Continuous unstoppable advancement has long been a cornerstone of the human condition. Humanity has considered itself at the forefront of achievement for thousands of years. This collective mindset has fostered our condition of planned obsolescence. Year-in and year-out, we seek the latest and greatest piece of tech. The newest car. The latest cell phone.
Those who subscribe to the latest and greatest have lost touch with the connections to the machines that aid them every day. One’s connection with their technological aids was once an intimate interaction between man and machine that is now universally marred with endless lines of computer code and the decisions of distant software developers.
We live in a world that could see the end of starvation using the things westerners throw away. It is important in our rapidly changing environment that we remind ourselves of the simpler times before spellcheck and autocorrect; a time when people lived in the moment and enjoyed it for what it was without seeking the next great achievement of the week.
I am writing on a 40-year-old Olivetti Lettera DL typewriter in this inspired moment. I write my first, second and third drafts unabashed by text recognition, spell check or grammar correction. Nobody to dictate the words, the letters nor the punctuation I stamp upon the page. I am free to focus on my inspiration, whatever it may be.
Many writers will tell you the importance of a first draft and how one must avoid distractions while writing it. This is often referred to as word diarrhea. Inspiration is fleeting and must be put to paper as quickly as possible. Many writers will resort to pen and paper, but I find even then, I am distracted by the quality of my handwriting or my cramping fingers. I rely on my trusted typewriter to help me put my ideas to paper before my distracted mind pushes the inspiration aside for some trivial nonsense. If I feel I need help to further develop my ideas, I turn to my dog, or Rudy, my childhood teddy bear, and we discuss my inner ramblings until we can make sense of them. I write my final copy using a laptop for the sake of distribution and correctness; a reluctant reminder that I do live in a digital age.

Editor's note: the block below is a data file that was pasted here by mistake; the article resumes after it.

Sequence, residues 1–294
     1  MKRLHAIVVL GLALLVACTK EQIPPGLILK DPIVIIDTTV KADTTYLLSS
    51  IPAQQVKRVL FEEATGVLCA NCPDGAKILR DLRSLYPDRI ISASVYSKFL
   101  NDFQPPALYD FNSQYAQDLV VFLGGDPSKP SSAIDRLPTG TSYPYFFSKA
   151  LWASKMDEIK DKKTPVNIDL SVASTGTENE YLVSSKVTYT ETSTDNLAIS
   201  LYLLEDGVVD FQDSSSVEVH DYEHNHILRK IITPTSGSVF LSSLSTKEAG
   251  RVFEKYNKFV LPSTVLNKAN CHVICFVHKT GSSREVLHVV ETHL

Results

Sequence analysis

Similarly, I owned a very modern hybrid car for a short time. A 2010 Honda insight that boasted a plethora of driving “aides” such as fuel consumption scores and live readouts. The speedometer changed color based on efficiency and it sprouted little digital trees on the dash if I drove conservatively. I was so preoccupied by this sort of “efficiency game” one day that I drove straight onto the concrete median of a highway onramp. I survived with only minor injuries, but my new hybrid absolutely did not.
I still drive a slightly older modern car that does not merit any special recognition. Sure, it is reliable, safe, and efficient but despite the manual transmission my mind wanders, and I soon forget that I am travelling at breakneck speeds. On days like today, a day spent enjoying the simpler life of a writer tick-tap-dinging away on his Italian typewriter, a day in which the extent of travel might be to the grocery store, I drive my 1976 Volvo 245 station wagon. I am the second owner, no, caretaker of this 43-year-old timeless Swedish brick.
Oh, the joys of driving a rusty old Volvo. No shocks, so she bounces, and lots of rust and peeling paint. The engine sometimes runs rough, so I have to coax it smooth with gentle throttle manipulation. It may lack the sophistication of its contemporary, but when I am behind the oversized iron steering wheel roaring past a semi truck, the car speaks to me: “Please don’t,” it says. “Can we take the long way home through the country?” And of course, I am forced to oblige. The farms and woods of the country creep past in no distinct rush. I roll down the window and the cool breeze on my face carries with it the fresh decay of autumn. The radio plays ‘Danger Zone’ or some other classic rock and I cannot help but smile. I feel engaged with the Volvo as it bounces over railway tracks or leans just a little too far with every bend. I can feel the happy rumble of the 2.1L mechanically fuel injected engine through the accelerator and through my seat. We are one being singing along to the radio belting out “Highway to the danger zone.”
Thanks, Kenny Loggins.
When I pull up to Canadian Tire to pick up some supplies for my latest repair project, I often meet fellow enthusiasts. Last week I had the privilege to connect with a local Volvo authority figure. He gave me some valuable advice about body repair and showed me his modified Volvo 240 station wagon. We compared notes and the man gave me his phone number and told me to call him ever if I had any questions.
Old cars and aged typewriters may have their faults, and are sometimes more difficult to use, but there is an unspoiled connectivity to these unaltered mechanical creatures and the physical world in which they exist. There is no distant software developer dictating engine timing or typeset; just me and a machine. Using analog technology allows me to become fully immersed with the task at hand.
I love my ancient station wagon. I love my ancient typewriter. Most of all, I love the simple tactile joys of a bygone era. If ever you get the chance, I encourage you to learn to maintain an old car or purchase a typewriter to mend. The satisfaction of knowing you’re the reason it is still functioning, still alive — will fill you with an appreciation and attachment for what exists, instead of simply replacing it with the latest fad.